A great deal of attention is paid to protecting people from exposure to human blood. Human blood can contain dangerous pathogens that can result in serious and even fatal diseases. The most common of these diseases in the United States, including in the state of California, are:
- Hepatitis B
- Hepatitis C
While the hazards of human blood are broadcast fairly broadly, little is said about dealing with exposure to pet blood, particularly blood from dogs and cats. The reality is that there is a considerable amount of confusion in regard to how certain diseases are passed from pets to humans. Pet owners and others do need to have an accurate understanding of possible dangers which might exist when it comes to exposure to pet blood.
The Spread of Disease Through Pet Blood
At this time, the risk of the transmission of disease from pets to humans via exposure to blood is low. For example, the four most common types of diseases spread from human to human via blood – HIV, MRSA, hepatitis B, and hepatitis C – are not found in pets, including dogs and cats. In addition, at this time there are no major diseases carried by dogs and cats that currently spread to humans by exposure to blood.
The fact that as of this moment the risk of disease transmission from pets to humans via blood is low doesn’t mean that will always be the case. One of the alarming facts about viruses and bacteria is that they can mutate and change over time. Indeed, viruses and bacteria can mutate seemingly “out of the blue.” In other words, even though pet blood might not contain more dangerous pathogens today, that can change without notice.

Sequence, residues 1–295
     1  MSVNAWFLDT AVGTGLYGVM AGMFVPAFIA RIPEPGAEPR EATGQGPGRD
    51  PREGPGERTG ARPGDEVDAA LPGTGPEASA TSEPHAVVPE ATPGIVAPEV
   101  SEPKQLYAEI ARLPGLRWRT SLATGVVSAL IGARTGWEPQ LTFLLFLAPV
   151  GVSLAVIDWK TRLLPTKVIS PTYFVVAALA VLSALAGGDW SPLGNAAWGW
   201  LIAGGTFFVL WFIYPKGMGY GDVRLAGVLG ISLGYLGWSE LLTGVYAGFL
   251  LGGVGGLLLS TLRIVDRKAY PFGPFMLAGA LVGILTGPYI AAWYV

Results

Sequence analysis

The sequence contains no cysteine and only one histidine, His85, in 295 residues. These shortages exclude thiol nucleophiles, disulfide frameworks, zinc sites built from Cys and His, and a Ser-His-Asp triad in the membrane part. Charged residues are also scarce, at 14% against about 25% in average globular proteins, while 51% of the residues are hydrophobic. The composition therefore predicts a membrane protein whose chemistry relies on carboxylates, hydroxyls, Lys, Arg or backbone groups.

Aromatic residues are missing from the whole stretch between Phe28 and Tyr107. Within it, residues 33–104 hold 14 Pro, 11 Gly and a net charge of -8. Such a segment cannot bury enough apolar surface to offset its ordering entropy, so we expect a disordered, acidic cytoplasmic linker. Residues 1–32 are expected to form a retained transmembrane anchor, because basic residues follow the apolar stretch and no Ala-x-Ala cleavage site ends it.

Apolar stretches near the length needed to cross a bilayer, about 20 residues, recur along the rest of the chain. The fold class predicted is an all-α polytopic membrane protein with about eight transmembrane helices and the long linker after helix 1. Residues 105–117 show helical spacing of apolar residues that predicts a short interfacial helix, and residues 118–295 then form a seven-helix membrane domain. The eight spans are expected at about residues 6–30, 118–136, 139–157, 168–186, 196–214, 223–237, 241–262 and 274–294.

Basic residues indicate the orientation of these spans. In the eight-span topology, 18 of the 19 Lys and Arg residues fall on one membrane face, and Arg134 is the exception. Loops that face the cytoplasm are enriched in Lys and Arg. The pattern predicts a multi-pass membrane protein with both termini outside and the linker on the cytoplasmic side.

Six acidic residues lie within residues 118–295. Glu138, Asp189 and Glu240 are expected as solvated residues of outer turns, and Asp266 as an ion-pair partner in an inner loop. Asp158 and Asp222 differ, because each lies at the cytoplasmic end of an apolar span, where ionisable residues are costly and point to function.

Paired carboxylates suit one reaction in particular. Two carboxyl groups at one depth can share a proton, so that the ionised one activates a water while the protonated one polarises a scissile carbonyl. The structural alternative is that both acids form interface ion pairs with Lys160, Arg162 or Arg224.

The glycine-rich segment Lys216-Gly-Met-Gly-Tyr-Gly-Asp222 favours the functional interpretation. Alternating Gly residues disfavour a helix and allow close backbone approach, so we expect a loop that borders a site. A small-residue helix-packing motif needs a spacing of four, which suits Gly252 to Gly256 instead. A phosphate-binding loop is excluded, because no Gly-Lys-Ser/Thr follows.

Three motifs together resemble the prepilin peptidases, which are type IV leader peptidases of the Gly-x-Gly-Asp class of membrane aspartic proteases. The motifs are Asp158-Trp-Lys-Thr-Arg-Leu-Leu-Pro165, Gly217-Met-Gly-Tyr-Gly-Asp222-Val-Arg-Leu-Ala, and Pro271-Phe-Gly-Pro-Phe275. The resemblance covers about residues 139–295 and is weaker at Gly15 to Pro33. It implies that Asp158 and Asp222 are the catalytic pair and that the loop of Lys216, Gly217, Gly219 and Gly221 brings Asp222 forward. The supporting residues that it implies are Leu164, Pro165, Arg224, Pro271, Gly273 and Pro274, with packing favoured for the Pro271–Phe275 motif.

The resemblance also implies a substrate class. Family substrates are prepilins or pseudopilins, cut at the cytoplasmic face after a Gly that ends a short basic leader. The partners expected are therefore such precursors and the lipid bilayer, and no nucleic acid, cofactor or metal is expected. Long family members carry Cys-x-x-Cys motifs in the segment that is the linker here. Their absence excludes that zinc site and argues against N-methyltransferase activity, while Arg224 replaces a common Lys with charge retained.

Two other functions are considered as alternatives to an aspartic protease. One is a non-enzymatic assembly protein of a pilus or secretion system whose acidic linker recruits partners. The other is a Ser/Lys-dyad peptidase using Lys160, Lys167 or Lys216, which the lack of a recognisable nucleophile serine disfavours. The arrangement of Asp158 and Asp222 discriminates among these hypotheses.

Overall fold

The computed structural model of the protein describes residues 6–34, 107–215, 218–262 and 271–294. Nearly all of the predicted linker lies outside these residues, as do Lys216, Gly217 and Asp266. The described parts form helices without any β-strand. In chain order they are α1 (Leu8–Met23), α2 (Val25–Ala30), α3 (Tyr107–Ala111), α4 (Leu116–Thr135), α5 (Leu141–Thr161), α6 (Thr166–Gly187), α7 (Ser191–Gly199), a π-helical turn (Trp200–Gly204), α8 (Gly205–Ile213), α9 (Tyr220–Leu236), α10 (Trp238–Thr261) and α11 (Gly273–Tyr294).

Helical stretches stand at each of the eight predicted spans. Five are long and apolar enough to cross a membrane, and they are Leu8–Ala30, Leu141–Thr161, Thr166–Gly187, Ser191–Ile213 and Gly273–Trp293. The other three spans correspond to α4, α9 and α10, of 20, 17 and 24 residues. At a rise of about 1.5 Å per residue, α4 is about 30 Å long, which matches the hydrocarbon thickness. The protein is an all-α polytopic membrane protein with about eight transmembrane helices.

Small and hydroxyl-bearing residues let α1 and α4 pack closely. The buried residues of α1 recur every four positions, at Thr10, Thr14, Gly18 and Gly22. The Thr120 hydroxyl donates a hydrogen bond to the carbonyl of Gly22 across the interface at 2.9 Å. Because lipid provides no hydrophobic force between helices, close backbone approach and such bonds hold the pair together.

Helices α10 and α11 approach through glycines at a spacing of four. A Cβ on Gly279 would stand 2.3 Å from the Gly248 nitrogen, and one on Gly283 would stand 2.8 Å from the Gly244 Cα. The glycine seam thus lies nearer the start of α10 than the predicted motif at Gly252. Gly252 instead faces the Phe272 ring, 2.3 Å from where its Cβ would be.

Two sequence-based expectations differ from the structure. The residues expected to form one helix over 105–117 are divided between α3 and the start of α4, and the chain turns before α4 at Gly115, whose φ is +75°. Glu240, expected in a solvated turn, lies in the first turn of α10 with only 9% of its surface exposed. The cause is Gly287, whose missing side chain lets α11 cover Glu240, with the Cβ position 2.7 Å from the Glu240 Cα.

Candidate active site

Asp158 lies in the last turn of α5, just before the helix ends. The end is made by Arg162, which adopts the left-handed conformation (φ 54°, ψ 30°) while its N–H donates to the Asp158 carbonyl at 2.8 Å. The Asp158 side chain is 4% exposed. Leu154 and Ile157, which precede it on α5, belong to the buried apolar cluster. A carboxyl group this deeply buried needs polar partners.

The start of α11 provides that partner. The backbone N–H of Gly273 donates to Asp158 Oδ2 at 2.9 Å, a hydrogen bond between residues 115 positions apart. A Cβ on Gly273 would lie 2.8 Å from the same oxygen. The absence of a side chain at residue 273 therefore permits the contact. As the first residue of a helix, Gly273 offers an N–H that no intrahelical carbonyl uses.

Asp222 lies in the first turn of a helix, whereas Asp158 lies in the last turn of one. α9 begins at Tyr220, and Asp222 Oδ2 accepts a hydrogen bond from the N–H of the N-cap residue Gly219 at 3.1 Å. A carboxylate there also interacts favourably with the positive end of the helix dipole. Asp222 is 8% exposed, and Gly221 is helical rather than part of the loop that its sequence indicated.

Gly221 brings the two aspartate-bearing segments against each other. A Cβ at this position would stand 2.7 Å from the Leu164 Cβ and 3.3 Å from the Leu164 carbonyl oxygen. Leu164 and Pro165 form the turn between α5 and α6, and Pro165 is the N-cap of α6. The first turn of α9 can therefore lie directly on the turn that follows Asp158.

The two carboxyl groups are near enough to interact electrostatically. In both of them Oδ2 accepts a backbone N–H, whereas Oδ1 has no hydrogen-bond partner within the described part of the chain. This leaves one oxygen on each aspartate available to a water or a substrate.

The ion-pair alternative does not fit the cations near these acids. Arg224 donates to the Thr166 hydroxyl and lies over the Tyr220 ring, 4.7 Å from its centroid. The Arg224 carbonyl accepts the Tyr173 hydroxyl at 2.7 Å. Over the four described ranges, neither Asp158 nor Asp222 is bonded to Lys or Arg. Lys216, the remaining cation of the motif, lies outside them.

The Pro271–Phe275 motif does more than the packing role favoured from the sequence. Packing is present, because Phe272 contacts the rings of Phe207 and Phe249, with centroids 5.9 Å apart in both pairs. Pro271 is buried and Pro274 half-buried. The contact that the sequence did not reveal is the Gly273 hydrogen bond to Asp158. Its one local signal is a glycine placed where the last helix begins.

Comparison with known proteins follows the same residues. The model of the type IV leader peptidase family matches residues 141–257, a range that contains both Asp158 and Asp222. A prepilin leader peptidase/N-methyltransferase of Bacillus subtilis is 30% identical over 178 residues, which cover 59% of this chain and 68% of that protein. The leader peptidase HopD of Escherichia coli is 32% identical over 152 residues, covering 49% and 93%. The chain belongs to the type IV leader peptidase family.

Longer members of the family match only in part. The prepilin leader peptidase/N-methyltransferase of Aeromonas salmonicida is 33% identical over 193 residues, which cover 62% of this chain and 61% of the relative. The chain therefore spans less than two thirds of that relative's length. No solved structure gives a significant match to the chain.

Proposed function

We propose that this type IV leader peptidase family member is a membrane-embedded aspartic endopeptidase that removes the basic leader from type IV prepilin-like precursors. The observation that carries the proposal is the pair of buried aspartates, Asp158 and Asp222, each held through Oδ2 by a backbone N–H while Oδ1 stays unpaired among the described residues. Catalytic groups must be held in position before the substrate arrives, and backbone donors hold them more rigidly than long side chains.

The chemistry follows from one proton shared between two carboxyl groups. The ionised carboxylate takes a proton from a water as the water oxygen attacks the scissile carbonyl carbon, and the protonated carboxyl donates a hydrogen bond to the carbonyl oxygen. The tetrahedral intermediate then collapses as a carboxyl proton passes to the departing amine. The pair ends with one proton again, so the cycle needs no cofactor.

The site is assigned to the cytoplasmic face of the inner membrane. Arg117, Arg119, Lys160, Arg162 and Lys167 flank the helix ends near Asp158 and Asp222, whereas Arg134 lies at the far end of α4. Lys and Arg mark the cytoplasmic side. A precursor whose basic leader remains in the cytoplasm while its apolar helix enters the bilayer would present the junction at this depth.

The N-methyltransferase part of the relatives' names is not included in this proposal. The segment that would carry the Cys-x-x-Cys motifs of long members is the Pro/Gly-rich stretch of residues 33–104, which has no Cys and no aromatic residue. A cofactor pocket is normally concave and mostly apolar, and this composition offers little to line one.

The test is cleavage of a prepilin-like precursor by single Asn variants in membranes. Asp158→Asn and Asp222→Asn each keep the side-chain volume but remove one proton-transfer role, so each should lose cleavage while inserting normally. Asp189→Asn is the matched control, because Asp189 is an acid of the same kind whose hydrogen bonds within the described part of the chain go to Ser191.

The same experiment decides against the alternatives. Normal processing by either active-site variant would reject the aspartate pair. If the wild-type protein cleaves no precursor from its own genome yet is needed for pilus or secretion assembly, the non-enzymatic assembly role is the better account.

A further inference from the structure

You should avoid direct contact with pet blood. If you come into direct contact with pet blood, even blood from our own dog, cat, or other pet, you need to wash it off immediately. If you somehow get pet blood into a wound on your skin, you need to wash it off immediately. You need to apply an antibiotic after washing.
Odds are that you will not face a medical issue. However, if you start to feel ill, do not automatically presume that exposure to pet blood is not the reason. Again, while the odds of your becoming ill after exposure to pet blood is low, it’s not impossible based on the information provided a moment ago. If you feel ill, make an appointment with your doctor. Explain to your doctor the contact you had with pet blood and the nature of your symptoms. Your physician can then decide what testing or steps need to be taken to attempt to identify the issue at hand.
Protecting Yourself When Cleaning Up Pet Blood
If you are faced with cleaning up pet blood, you should follow the came protocol used for cleaning up human blood to ensure that you fully protect yourself from any potential risk. At the heart of safely cleaning up pet blood is to make sure you utilize proper “personal protective equipment.” This includes using:
- Apron or smock
If some sort of more traumatic experience has occurred in regard to a pet, a person facing a cleanup issue might want to consider retaining the services of a professional. A biohazard cleanup professional has the expertise, tools, and resources necessary to safely remediate a potentially dangerous situation.
Understanding Common Infectious Pet Diseases
There are a number of infectious diseases that can be carried by dogs and cats (and some other pets as well). Some of these pathogens can have serious health consequences. Pet owners and others need to be aware generally of these pathogens. These pathogens spread through a variety of means, including bites and contact with saliva as well as contact with feces or urine. The most common types of diseases that can be spread from pets to humans are:
- Bubonic plague
- Cat scratch disease (cat scratch fever)
At this time, none of these diseases or infections are spread directly by blood from pets to humans. Once more, it is necessary to stress the fact that the possibility does exist that some type of mutation might occur that renders one or another of these pathogens transferrable via pet blood to humans.
In summary, when it comes to pet blood, you need to be cautious and proactive. However, you do not need to become an alarmist when it comes to risks associated with contact with pet blood.